Today marks a month since the Brexit referendum result, and it won’t surprise people that I’ve spent considerable time since then reading, listening, talking and thinking about what it means.
I’d love to be able to tell you that I’ve concluded that everything’s going to be ok. It would be lovely to feel that we’ve had our crash (just severe enough to convince ourselves that we Bremainers were right!), and now things will sort themselves out – because achieving the optimal outcome is obviously in our collective interest.
Unfortunately, the more I think about it, the more pessimistic I become about our economic and democratic prosperity (and I really do see it as prosperity, compared with the state of the world 50-100 years ago).
Economic growth, which previously felt widespread and genuine, now feels unsustainable and unjust to the majority (not to everyone – with skill you can convince yourself that all is as it should be). And when things feel unjust, people switch from a cooperative, optimising mode (on which our current systems depend), to a suboptimal mode where they prioritise preventing others from winning over their own wellbeing. Anyone who has played games like Monopoly or Croquet, will be familiar with ‘punishing’ mode.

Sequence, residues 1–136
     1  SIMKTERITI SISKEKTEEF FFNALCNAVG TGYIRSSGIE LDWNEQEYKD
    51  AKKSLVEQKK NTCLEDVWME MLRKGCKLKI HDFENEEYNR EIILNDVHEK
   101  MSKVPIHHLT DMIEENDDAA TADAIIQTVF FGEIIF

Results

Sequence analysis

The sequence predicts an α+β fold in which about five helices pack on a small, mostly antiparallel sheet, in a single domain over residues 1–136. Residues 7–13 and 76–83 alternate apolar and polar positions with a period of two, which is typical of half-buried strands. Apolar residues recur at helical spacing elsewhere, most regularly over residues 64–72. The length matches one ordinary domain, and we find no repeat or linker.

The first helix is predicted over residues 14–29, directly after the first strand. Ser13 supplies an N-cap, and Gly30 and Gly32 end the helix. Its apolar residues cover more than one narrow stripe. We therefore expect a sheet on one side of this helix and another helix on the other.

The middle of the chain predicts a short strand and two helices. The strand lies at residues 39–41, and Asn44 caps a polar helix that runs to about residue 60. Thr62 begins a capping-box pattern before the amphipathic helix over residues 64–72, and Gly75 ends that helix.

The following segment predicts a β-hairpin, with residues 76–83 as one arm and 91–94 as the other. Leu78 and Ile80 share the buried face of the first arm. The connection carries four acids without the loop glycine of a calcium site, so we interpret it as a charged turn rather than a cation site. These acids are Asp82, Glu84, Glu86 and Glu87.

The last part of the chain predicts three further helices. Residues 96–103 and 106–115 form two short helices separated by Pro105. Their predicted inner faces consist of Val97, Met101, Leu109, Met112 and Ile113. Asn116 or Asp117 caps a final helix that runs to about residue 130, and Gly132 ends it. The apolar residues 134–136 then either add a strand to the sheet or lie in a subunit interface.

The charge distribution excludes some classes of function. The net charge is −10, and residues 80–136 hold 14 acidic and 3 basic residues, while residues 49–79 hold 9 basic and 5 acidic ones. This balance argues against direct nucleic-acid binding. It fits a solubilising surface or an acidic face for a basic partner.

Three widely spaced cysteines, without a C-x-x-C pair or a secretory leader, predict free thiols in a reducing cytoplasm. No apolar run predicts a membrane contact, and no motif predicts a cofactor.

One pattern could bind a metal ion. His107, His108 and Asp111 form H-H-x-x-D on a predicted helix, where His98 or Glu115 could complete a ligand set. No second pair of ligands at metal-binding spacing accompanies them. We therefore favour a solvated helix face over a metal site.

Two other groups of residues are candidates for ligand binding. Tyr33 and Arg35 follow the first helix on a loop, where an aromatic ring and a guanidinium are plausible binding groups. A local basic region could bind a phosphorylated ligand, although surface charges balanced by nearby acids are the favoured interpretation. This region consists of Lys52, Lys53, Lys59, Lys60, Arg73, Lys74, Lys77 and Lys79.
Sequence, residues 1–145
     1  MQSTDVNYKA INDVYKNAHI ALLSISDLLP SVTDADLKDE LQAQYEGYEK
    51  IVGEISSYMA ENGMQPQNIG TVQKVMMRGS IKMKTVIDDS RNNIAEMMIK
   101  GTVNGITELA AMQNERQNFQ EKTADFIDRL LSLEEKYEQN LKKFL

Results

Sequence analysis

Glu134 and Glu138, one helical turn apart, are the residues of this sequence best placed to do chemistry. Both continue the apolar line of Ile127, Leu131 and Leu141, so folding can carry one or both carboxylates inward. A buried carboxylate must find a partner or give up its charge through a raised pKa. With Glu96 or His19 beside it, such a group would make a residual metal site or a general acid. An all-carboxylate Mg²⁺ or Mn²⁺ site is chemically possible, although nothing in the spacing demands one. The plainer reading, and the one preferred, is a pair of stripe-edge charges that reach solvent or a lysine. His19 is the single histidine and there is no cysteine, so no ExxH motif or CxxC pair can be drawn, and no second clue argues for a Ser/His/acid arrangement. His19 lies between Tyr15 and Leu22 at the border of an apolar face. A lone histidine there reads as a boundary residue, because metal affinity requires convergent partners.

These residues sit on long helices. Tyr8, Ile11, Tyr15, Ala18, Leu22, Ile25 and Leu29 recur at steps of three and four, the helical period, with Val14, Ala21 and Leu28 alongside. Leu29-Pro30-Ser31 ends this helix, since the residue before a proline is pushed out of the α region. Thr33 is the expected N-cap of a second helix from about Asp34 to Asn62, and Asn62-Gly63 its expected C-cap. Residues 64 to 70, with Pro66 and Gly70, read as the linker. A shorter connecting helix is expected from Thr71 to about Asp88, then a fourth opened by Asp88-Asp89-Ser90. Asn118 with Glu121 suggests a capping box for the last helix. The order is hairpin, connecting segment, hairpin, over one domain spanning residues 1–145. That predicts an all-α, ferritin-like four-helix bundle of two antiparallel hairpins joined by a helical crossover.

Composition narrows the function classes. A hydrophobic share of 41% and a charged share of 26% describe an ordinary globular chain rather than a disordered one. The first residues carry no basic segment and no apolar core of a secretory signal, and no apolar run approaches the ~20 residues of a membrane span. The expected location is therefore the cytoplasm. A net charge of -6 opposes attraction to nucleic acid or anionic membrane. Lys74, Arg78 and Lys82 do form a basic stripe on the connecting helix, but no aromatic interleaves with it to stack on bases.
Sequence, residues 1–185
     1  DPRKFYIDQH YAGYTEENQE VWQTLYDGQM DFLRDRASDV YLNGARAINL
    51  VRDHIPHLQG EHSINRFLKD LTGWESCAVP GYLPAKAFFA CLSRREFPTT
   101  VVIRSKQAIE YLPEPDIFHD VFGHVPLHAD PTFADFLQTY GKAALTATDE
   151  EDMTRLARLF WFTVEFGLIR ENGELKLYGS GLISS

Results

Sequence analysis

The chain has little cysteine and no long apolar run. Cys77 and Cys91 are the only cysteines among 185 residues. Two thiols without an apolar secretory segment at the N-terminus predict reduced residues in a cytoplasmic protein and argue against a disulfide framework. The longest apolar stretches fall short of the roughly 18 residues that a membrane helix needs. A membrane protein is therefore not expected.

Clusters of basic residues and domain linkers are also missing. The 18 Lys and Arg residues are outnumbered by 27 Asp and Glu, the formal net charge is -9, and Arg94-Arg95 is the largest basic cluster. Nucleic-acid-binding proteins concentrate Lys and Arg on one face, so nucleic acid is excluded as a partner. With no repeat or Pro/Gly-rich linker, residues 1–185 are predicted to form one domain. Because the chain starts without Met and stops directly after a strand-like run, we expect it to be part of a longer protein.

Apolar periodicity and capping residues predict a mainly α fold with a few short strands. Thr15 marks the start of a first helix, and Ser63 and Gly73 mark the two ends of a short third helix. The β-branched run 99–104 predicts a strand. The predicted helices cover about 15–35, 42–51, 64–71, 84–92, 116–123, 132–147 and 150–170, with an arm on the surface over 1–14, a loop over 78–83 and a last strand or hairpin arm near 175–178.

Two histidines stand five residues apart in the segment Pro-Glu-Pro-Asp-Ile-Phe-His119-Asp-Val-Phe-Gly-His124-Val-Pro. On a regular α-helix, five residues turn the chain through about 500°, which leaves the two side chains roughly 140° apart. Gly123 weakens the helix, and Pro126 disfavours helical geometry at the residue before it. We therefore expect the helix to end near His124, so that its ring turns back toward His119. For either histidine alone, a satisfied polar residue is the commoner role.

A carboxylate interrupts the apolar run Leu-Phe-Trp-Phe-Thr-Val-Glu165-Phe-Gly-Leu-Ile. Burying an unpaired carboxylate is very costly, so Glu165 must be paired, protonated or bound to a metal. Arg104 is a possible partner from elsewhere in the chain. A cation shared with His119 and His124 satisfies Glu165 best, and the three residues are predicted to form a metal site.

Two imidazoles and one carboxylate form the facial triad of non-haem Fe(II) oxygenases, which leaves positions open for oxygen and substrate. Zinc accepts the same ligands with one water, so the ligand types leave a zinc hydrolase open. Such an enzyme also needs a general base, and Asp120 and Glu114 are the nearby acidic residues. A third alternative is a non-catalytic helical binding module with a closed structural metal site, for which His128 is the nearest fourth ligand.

I’m not surprised we’re already seeing signs of this kind of behaviour, in Europe and the USA (and no doubt elsewhere). Brexit, and the rise of Trump, are obvious examples, but much of the support for ideas that are anti-globalisation, anti-establishment, anti-expert, anti-progress, or anti-government can be traced to a desire to stop the status quo, irrespective of the cost to oneself. Obviously there’s a danger in lumping together all such groups and their supporters – I’m certain many people do believe their support for these causes is in their own interest, or in the interest of society – but I suspect many don’t care.
Unfortunately, I’m not impressed by a lot of the solutions these groups are offering (some suggestions are good but too little, some are irrelevant, and many come with worse side effects than the problems they seek to solve). That said, I’m not convinced that our existing structures (eg political parties) have the ability and motive to adequately address the problem – they are more likely to at best pay lip-service and at worst fight any attempt at change.
I’ll keep reading and thinking (I’m always open to suggestions), and I remain optimistic that we will come up with a better world, that can give people reason to trust and cooperate. But in the meantime, I’ll do my best to navigate between the best of the establishment and the best of the anti-establishment. I’m sure I’ll get it wrong sometimes, I’ll be too simplistic, too angry, or my arguments will just be confused – I ask forgiveness in advance.